A new effort to eradicate slavery is showing success—and may provide a model for other complex human rights and social justice issues.
By Nick Grono | Sep. 30, 2014
Orginal article in the Stanford Social Innovation Review. Reproduced with permission.
Soni Devi was working in the fields around her Indian village in India when her eldest son, Mohan, suddenly disappeared. For three years, she had no idea where he was or what had happened to him.
Mohan had suffered the same cruel fate as thousands of other children in India every year. He had been trafficked—and in his case, forced to work in a bulb factory in Delhi and confined to the factory site.
Luckily, National Institute for Rural Development, Education, Social Upliftment and Health, a community partner of our Freedom Fund organization in India, identified, rescued, and returned Mohan and other trafficked children to their homes and families.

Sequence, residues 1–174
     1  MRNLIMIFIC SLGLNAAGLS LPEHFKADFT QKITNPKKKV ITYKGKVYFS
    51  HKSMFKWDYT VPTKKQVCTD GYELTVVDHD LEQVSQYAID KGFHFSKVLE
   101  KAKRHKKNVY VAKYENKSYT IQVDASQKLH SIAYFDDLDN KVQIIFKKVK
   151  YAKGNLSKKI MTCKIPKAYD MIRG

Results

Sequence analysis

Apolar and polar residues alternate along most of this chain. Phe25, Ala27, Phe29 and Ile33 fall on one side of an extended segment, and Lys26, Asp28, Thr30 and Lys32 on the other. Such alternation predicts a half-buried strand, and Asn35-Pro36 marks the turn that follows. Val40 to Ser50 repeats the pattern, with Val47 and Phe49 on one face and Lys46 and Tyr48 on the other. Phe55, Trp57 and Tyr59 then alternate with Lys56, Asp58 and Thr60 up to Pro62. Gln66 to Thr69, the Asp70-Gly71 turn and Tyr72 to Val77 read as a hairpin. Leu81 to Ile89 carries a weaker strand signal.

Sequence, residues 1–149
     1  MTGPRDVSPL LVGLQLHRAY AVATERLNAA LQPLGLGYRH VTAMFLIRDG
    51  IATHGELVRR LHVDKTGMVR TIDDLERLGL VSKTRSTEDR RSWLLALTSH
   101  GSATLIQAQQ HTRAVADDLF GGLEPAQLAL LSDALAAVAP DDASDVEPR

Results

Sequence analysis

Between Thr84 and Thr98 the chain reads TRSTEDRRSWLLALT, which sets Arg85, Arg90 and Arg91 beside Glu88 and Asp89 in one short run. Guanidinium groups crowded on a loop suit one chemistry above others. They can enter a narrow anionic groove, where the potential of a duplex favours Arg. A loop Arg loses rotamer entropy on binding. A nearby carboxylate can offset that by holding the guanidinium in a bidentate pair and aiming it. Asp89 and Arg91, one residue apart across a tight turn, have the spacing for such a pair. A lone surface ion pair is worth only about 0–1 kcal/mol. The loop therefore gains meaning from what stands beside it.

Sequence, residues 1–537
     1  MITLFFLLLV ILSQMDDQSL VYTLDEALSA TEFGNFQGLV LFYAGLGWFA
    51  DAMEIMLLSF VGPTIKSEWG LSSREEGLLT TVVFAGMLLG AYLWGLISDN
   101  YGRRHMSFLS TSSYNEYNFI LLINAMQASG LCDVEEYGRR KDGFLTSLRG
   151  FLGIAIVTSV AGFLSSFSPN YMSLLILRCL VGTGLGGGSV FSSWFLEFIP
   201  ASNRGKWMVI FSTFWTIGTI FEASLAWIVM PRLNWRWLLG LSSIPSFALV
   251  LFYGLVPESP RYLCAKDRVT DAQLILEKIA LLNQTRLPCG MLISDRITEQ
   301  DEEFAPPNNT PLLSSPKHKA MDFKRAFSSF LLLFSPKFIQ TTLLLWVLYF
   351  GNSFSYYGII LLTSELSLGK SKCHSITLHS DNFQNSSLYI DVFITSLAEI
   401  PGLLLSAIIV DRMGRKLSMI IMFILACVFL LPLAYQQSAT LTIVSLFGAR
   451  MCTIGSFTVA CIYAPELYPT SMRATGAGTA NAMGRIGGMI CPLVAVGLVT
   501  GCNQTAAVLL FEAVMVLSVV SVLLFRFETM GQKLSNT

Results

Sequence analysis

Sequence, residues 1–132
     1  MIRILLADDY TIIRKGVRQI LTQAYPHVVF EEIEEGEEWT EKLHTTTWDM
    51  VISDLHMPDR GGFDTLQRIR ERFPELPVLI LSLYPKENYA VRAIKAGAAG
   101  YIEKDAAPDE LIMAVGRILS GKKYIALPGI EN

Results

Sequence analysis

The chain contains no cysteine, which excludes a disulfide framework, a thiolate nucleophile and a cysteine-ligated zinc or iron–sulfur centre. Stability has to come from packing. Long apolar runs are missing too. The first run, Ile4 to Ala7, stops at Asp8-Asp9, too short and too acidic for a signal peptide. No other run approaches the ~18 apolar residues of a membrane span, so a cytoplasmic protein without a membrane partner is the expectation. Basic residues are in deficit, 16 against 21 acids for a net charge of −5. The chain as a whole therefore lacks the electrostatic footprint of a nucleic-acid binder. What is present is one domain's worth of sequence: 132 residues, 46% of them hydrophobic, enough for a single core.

His story illustrates the increased determination and new resources dedicated to ending the scourge of slavery across the world, which in turn reflects growing global awareness of this crime.
This year has seen international attention focused on the abduction and threatened forced marriage of Nigerian girls by Boko Haram, and more recently of Iraqi Yazidi women and girls by ISIS. Qatar and the international football association FIFA are receiving unwelcome scrutiny over the use of forced labor on World Cup construction sites in Doha. And the US government has put Thailand on notice of possible sanctions over slavery in that country’s seafood industry.
In fact, the first Global Slavery Index last year estimated there are nearly 30 million people living in slavery. Modern slavery is not just enormous in scale but also very complex. Its victims include women and girls trapped in brothels in Thailand; children coerced to work as domestic servants in Haiti; Congolese men and boys forced to mine minerals that end up in Western electronics; and young Afghan girls sold in marriage to old men to settle tribal disputes.